Perioperative brain ischemia and stroke are leading causes of morbidity and mortality. Brief hypoxic preconditioning is known to have protective effects against hypoxic-ischemic insult in the brain. Current studies on the neuroprotective effects of ischemic preconditioning are based on histologic findings and biomarker changes. However, studies regarding effects on memory are rare. To precondition zebrafish to hypoxia, they were exposed to a dissolved oxygen (DO) concentration of 1.0 ± 0.5 mg/L in water for 30 s. The hypoxic zebrafish were then exposed to 1.0 ± 0.5 mg/L DO until the third stage of hypoxia, for 10 min ± 30 s. Zebrafish were assessed for memory retention after the hypoxic event. Learning and memory were tested using the T-maze, which evaluates memory based on whether or not zebrafish moves to the correct target compartment. In the hypoxic preconditioning group, infarct size was reduced compared with the hypoxic-only treated zebrafish group; memory was maintained to a degree similar to that in the hypoxia-untreated group. The hypoxic-only group showed significant memory impairments. In this study, we used a hypoxic zebrafish model and assessed the effects of ischemic preconditioning not only on histological damages but also on brain function, especially memory. This study demonstrated that a brief hypoxic event has protective effects in hypoxic brain damage and helped maintain memory in zebrafish. In addition, our findings suggest that the zebrafish model is useful in rapidly assessing the effects of ischemic preconditioning on memory.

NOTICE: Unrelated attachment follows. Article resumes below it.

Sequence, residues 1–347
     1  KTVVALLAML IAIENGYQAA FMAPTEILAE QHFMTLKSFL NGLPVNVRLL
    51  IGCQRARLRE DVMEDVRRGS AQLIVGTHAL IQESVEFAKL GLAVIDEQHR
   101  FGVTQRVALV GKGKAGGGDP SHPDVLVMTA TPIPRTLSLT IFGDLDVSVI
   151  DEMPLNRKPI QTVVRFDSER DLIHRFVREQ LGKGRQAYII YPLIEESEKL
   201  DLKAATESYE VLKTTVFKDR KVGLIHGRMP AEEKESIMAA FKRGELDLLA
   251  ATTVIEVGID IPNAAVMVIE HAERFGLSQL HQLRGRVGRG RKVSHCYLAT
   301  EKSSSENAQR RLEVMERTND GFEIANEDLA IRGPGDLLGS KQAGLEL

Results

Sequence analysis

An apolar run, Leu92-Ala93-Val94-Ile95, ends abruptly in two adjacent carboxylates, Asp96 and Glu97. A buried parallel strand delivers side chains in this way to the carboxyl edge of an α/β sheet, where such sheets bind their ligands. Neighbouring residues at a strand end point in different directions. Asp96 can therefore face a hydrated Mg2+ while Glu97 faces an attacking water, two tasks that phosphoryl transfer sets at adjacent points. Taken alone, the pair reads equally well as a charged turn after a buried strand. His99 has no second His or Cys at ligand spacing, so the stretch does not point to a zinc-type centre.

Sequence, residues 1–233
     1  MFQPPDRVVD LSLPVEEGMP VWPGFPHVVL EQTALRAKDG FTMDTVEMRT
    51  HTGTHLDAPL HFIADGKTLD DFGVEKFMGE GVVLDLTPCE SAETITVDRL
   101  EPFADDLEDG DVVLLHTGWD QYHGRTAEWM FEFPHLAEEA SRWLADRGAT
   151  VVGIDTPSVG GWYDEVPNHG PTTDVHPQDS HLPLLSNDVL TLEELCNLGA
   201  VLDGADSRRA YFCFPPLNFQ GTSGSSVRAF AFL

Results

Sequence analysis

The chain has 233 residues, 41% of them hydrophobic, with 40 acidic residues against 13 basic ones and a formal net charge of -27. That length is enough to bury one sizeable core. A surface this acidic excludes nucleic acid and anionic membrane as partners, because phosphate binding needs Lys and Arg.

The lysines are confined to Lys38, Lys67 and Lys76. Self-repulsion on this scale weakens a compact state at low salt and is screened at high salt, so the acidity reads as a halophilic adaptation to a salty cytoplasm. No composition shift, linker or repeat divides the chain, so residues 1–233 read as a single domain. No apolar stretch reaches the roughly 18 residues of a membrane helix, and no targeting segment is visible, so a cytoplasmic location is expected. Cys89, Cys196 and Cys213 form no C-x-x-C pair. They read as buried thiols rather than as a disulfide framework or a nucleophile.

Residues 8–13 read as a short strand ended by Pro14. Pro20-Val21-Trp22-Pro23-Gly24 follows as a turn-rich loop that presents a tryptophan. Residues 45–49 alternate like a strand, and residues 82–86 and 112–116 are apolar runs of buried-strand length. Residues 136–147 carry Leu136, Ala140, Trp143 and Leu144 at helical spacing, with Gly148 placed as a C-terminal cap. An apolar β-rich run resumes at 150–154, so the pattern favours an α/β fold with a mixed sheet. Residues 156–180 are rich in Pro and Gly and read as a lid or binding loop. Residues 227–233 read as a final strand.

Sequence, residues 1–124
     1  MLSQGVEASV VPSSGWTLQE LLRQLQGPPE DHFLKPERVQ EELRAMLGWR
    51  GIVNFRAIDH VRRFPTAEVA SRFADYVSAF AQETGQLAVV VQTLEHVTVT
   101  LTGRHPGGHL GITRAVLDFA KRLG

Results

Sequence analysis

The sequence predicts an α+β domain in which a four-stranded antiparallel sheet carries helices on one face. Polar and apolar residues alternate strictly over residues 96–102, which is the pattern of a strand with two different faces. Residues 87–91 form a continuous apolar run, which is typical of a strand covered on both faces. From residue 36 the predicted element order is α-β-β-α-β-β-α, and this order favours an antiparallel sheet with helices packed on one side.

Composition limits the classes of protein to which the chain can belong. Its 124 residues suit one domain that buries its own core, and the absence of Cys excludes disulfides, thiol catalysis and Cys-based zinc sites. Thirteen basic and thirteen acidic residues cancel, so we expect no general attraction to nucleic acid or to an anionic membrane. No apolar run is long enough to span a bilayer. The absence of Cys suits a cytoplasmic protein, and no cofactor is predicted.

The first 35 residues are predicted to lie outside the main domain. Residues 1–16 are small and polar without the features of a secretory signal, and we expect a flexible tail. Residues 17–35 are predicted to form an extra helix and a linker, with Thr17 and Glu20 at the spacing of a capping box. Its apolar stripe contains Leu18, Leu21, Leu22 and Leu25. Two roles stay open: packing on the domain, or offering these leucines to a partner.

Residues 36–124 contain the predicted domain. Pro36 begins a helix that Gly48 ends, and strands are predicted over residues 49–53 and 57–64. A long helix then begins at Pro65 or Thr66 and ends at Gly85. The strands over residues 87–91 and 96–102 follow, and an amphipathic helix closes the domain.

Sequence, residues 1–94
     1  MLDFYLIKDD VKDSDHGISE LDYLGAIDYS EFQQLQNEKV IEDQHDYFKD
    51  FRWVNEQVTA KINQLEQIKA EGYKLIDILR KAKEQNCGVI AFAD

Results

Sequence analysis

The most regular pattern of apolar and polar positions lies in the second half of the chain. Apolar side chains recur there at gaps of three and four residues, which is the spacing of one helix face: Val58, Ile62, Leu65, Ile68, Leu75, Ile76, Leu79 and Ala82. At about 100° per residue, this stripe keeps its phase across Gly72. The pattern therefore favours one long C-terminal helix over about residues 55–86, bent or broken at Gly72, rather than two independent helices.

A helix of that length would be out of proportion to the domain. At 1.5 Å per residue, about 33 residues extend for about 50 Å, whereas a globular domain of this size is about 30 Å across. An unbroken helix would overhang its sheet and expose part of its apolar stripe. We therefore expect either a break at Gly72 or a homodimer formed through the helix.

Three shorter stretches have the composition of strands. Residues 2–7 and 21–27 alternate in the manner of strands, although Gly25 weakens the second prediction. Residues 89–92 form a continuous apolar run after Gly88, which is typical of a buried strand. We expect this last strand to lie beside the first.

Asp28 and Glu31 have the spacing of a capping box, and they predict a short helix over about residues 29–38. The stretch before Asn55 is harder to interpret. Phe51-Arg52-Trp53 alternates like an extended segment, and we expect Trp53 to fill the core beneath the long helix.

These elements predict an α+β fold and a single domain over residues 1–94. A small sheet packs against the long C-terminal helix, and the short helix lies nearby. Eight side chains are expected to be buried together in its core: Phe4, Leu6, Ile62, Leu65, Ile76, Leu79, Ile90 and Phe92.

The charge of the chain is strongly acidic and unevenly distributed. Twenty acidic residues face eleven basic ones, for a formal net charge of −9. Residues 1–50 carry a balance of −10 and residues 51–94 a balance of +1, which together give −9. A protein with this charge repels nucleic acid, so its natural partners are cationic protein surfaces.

- Hypoxic preconditioning
ASJC Scopus subject areas
- Animal Science and Zoology
- Biochemistry, Genetics and Molecular Biology(all)